My mother birthed and raised thirteen children, enjoyed a very good marriage with our father, volunteered so much that, as an adult, I nicknamed her Valerie Volunteer, and got her first real paying job in her sixties. She was a force who, when she died over twenty-five years ago, had her obituary written up in the newspaper for all she had done in her community and her life.
She loved to read and had shelves upon shelves of lovely hardcover books. She hounded all of her children to use correct grammar and loved to see good marks in English and language skills on our report cards. I knew that she wrote her own speeches to all the community organizations she led and I even remembered her writing rhyming poems in honour of young couples at their community presentations and other such events. The night I heard her speech as the new candidate for provincial election I was mesmerized. That night I realized whether she won or lost, the important thing was her being nominated to run. Yes, she was a force.
When my mother died our huge village church was filled to bursting, the centre rows reserved for mom’s many children, their spouses, her grandchildren and even some great grandchildren, and the rest of the building upstairs and down overflowing with friends, neighbours and acquaintances who came to pay her their heartfelt respects.
I always loved her but I didn’t always appreciate her. She could be unfair, or so I thought as a kid the day she refused to take me shopping with her when I’d tried to sneak out the front door after she called my name. I had to stay home that day and miss the treat she had planned for me. I realize now that she gave me more than I ever knew with lessons such as that.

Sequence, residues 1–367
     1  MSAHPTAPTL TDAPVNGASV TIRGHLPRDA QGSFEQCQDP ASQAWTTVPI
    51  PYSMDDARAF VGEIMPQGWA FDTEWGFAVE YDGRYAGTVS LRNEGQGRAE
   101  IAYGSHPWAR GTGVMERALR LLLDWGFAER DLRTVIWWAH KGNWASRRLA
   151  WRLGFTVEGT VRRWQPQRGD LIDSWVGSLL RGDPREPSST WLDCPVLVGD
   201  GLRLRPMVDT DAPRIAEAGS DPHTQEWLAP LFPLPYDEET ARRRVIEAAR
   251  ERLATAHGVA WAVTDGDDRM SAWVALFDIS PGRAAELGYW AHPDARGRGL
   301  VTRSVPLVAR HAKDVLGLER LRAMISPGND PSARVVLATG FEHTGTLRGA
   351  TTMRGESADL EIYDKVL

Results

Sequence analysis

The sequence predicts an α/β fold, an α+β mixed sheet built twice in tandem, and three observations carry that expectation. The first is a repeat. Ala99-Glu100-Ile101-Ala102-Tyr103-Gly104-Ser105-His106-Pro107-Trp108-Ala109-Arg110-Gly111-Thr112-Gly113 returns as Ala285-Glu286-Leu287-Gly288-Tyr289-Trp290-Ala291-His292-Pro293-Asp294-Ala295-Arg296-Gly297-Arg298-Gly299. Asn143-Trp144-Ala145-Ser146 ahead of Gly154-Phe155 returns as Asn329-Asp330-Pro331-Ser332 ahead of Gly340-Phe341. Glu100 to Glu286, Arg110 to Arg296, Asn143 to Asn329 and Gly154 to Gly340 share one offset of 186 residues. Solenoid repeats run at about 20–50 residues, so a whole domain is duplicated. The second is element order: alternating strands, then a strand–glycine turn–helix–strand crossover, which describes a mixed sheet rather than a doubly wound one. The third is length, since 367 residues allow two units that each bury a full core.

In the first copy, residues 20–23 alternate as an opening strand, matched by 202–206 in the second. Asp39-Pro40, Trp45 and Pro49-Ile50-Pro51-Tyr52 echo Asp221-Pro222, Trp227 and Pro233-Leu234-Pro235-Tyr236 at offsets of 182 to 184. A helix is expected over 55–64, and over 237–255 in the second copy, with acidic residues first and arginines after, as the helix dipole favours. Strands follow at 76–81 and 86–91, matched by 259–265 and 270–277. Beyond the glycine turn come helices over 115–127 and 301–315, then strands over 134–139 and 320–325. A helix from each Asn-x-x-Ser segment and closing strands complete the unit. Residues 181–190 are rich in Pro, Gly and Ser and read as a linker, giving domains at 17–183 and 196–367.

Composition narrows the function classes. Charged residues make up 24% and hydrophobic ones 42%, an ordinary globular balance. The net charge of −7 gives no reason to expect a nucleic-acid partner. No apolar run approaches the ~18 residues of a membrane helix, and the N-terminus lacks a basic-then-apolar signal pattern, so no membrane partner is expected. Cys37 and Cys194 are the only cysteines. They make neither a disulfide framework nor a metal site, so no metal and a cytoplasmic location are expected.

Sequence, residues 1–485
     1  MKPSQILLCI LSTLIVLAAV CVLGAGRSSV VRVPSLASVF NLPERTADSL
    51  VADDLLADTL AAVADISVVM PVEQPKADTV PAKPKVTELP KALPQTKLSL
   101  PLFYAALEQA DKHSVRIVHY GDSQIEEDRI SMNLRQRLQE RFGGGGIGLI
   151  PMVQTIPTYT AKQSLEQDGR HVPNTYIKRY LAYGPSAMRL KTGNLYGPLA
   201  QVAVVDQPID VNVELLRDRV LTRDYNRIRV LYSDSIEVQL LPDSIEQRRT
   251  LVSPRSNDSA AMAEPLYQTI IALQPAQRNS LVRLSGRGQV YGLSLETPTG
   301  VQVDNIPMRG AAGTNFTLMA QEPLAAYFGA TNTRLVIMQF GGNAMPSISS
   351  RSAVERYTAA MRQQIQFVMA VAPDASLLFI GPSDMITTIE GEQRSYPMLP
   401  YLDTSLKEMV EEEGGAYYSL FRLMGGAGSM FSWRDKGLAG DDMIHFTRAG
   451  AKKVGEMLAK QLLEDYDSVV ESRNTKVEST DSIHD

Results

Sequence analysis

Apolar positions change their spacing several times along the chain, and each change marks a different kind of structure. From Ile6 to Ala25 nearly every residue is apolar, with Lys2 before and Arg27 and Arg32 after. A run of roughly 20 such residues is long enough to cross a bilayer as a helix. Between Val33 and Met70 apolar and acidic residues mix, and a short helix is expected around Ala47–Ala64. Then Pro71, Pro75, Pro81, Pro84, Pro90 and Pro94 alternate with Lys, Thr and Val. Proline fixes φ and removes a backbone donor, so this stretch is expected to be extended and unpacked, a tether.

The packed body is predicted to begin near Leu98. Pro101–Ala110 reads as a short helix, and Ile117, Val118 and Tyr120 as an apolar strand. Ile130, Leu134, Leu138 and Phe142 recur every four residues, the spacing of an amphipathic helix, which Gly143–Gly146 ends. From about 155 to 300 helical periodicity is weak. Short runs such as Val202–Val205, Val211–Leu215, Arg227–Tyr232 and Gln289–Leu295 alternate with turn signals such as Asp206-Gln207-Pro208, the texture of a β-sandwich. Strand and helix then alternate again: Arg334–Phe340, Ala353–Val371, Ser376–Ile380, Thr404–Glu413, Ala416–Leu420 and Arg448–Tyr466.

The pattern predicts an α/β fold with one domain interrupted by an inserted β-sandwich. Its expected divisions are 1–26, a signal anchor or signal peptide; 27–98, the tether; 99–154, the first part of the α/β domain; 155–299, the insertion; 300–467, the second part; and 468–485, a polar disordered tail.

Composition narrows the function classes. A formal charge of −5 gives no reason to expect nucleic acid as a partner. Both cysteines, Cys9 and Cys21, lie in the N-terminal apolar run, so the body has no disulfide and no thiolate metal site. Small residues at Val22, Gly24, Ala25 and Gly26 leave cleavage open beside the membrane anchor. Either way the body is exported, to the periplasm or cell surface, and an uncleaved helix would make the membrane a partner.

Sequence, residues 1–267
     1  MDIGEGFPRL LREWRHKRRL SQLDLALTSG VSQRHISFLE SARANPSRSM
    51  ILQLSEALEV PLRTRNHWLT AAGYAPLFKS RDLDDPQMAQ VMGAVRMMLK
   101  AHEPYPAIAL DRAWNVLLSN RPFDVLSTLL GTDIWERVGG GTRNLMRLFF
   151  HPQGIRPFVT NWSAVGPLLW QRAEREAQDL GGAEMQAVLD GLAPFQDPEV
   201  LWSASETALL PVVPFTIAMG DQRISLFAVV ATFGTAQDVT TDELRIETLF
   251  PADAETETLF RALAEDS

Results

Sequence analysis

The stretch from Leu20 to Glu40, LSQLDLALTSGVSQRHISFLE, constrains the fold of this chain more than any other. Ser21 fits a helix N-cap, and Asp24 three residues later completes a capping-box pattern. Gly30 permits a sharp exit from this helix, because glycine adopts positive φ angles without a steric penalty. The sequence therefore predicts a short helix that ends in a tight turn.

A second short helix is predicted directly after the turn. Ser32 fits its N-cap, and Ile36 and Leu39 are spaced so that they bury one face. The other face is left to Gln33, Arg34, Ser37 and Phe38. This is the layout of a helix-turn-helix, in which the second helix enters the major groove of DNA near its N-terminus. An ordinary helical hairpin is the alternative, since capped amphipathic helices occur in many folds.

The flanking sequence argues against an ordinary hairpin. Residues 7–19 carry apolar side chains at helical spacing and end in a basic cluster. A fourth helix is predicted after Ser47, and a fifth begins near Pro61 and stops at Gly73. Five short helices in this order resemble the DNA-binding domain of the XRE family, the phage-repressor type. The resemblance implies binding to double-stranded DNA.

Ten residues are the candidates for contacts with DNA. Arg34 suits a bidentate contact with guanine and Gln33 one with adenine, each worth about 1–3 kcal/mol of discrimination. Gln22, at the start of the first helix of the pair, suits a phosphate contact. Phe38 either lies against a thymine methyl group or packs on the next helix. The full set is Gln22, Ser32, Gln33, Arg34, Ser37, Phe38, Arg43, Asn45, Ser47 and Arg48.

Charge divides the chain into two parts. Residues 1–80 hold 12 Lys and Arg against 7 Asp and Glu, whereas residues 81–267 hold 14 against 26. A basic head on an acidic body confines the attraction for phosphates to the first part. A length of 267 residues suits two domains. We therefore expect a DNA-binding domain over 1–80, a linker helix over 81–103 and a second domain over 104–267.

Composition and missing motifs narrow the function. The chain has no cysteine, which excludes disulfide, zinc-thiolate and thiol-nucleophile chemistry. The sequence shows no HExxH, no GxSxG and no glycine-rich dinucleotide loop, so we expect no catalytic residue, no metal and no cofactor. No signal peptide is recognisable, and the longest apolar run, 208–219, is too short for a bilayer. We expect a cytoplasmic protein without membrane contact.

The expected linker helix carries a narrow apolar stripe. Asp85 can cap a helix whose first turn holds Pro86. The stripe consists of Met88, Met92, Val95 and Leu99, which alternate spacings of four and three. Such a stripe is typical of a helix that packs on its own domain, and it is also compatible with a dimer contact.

In the couple of years before she died, I had encouraged her to write a book. My father was gone, she was alone and I suggested she might find writing her own novel very interesting and enjoyable. She started, and I got the first couple of pages to correct her typing. By this time she had lost her centre vision and could only see with peripheral vision. That made her touch typing skills crucial. I was ready to correct more pages but before we could do that she passed away. I got hold of the large brown envelope full of typed pages. It was titled Maggie and I thought it was fiction. I carefully saved it as a treasured remembrance of my mother.
A number of months ago in chatting with my daughter, she reminded me that this November would have been her grandma’s one hundredth birthday. We talked about celebrating because Grandma and Beth had talked 25 years ago about celebrating their November birthdays together, but Grandma didn’t make it. She died that summer in her 75th year. During this conversation with Beth I remembered Mom’s story that had sat in my files–oh, I knew exactly where it was–for all those years. What if I were to get it out and publish whatever it was for the family?
That was the plan. I started reading and before long I realized this wasn’t fiction at all. Maggie. My grandmother’s name was Margaret but she had always been called Maggie when she was younger. This was my grandmother’s story from the time she was about four years old up to and including her marriage, her children, and just who she had been. It also detailed Grandma’s broken marriage, a subject that we had never discussed as I was growing up. And now, in these pages, Mom was telling it.
But she had never finished the story and I spent months ruminating about just how I could publish Maggie. After lots of discussions with family and writing friends I decided to leave it in Mom’s voice and insert my own voice where the story wasn’t finished. I think it works and the big advantage was that it was still Mom’s story. So for Mom’s one hundredth birthday on November 7th, I launched the cover reveal above. That is Mom at five years old, Alice Doxey at the time, the Lingelbach church east of Stratford where her family went, and lots of musical images because her family was very musical, a trait that has been passed down through the generations. The red is for my grandmother because she loved colour. Not for her the black dresses that women of her day wore as soon as they got married. This red is for my memory of Grandma buying some bright red taffeta and having a dress made out of it. It also occurs to me that perhaps I know where my own strong-willed personality comes from. Thank you, Grandma.
The book is available now on Kobo and Kindle. It’s launching on December 2 and if you’re nearby please come. Crossing my fingers the print copies will be in my hands by then. It will be in print on Amazon by then as well.